We’ve created very powerful “business as usual” engines, and increasingly, these engines no longer serve us, we serve them. The BAU models dictate how we think, how we deploy resources and how we reward people. The tyranny of today is based on our business as usual operating models and the perverted ways in which they drive our strategies, our thinking and the way we apply resources.

We live in an immediate-gratification society these days. Technologies surrounding us have been developed to speed up the processes required to get things done. Back when “I was a kid” designer, developing a concept meant several days of pencil sketches, thumbnails, doodling, and eventually working out a refined concept, that required an artistic skill to draw, paint, and color in a visual representation of an idea up to a sufficient level that someone else (with the purse-strings) would be willing to shell out cash for your idea. All this effort meant that you were “off-line” for any other projects that came along, and as a result, the # of Designers and Freelancers in our studio would increase or decrease based on the workload at the time.

These days, I can bang out a 3-dimensional computer model–complete with textures, surfaces, lighting, and visuals–that looks so convincing that you’d think I’d just taken a picture of a real object in the real world. And I can do this in less than an hour. The tech around me has allowed the mechanical process of simulation to occur at the click of a mouse. But my brain still works the same old way.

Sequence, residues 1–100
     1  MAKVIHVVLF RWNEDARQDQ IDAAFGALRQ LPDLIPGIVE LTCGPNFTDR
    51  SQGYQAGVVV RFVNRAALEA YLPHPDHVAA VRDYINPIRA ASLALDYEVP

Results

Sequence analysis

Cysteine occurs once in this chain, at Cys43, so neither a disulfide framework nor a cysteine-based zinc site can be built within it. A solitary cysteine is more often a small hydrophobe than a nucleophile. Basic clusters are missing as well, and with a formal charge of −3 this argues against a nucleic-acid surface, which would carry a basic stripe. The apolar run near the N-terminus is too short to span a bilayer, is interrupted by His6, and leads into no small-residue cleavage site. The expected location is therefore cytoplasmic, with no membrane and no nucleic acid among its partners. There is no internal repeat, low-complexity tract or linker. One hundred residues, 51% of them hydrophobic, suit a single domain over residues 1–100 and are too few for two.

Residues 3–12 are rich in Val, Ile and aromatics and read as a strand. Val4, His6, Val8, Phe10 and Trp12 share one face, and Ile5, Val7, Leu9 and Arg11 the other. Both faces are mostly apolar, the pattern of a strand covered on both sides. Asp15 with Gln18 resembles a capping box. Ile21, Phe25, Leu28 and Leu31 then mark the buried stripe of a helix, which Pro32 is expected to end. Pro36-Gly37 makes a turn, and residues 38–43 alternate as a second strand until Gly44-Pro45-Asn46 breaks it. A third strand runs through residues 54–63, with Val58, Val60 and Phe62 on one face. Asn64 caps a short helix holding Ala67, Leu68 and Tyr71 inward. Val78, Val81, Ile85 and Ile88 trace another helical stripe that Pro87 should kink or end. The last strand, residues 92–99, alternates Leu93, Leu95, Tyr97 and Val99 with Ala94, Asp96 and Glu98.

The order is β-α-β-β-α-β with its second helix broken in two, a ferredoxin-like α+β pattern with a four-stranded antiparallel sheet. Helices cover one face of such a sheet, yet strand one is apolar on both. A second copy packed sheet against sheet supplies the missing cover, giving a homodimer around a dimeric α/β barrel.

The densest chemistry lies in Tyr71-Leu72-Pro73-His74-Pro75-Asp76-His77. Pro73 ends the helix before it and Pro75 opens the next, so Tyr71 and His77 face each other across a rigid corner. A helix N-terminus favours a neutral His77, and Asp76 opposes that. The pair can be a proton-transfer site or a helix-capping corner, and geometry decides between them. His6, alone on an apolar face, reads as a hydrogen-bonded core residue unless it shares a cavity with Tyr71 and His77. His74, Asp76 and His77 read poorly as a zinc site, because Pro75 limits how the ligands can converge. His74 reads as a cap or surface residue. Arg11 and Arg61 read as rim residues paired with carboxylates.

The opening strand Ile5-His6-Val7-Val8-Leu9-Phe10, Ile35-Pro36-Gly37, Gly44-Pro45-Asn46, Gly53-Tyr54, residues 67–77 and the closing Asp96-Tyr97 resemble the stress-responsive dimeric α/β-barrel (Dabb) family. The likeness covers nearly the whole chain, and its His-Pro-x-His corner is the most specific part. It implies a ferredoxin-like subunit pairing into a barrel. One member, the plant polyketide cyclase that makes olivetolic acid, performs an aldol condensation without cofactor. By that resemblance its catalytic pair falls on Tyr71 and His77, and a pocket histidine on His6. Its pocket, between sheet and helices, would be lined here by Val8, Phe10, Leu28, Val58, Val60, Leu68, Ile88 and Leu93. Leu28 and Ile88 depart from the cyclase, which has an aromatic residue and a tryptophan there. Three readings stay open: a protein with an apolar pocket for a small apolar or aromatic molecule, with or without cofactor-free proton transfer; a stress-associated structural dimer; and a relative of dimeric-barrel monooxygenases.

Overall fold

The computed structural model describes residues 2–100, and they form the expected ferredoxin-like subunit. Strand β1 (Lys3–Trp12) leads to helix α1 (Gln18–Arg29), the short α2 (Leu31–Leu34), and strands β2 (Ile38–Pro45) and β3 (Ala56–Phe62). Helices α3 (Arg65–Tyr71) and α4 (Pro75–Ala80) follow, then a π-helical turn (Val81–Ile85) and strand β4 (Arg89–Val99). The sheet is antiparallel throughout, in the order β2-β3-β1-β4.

At the same time, the down economy has meant that we’ve been cutting back on personnel, letting Designers go and not refilling those positions immediately. Those remaining have to just pick up the load. (“Leveraging resources” is the euphemism we hear every day.) Which means that we rely on our tech to an even greater degree just to get today’s workload completed.

As a result, we have bursts where there is more work that is due right now, than we have bodies in place to handle. Which means that in order to get it all done, I have to take off my propeller-equipped beanie hat and put on my fireman’s helmet. And with all the immediate issues of short-term needs–the fires that take place every day-I put out those fires and sacrifice the time needed to think creatively on another project. I become a victim of the Tyranny of Today.

How about you–do you spend your day sitting under an apple tree waiting for the fruit to smack you on your noggin, or do you piss on fires all day? What can you do in your business to escape the pattern and grow?

A Thing In Context

January 11, 2012 2 comments

Fierce Protection

December 6, 2010 4 comments

Delicious, just delicious. Pitches from Fred Brooks, Scott Berkun, Tom DeMarco, Tim Lister, and Steve McConnell all in one place:  the Construx (McConnell’s company) Software Executive Summit. You can download them from here:  Summit Materials.

Here’s a snapshot of one of Fred Brooks’s slides that struck me as paradoxical:

So…. who’s the “we” that Fred is addressing here and what’s the paradox? I’m pretty sure that Fred is addressing managers, right? The paradox is that he’s admonishing managers to protect great designers from…… managers. WTF?

But wait, I think I get it now. Fred is telling PHOR managers to “fiercely” protect designers from Bozo Managers (but in a non-offensive and politically correct way, of course). Alas, the fact that this slide appears at all in Fred’s deck implies that PHORs are rare and BMs are plentiful, no?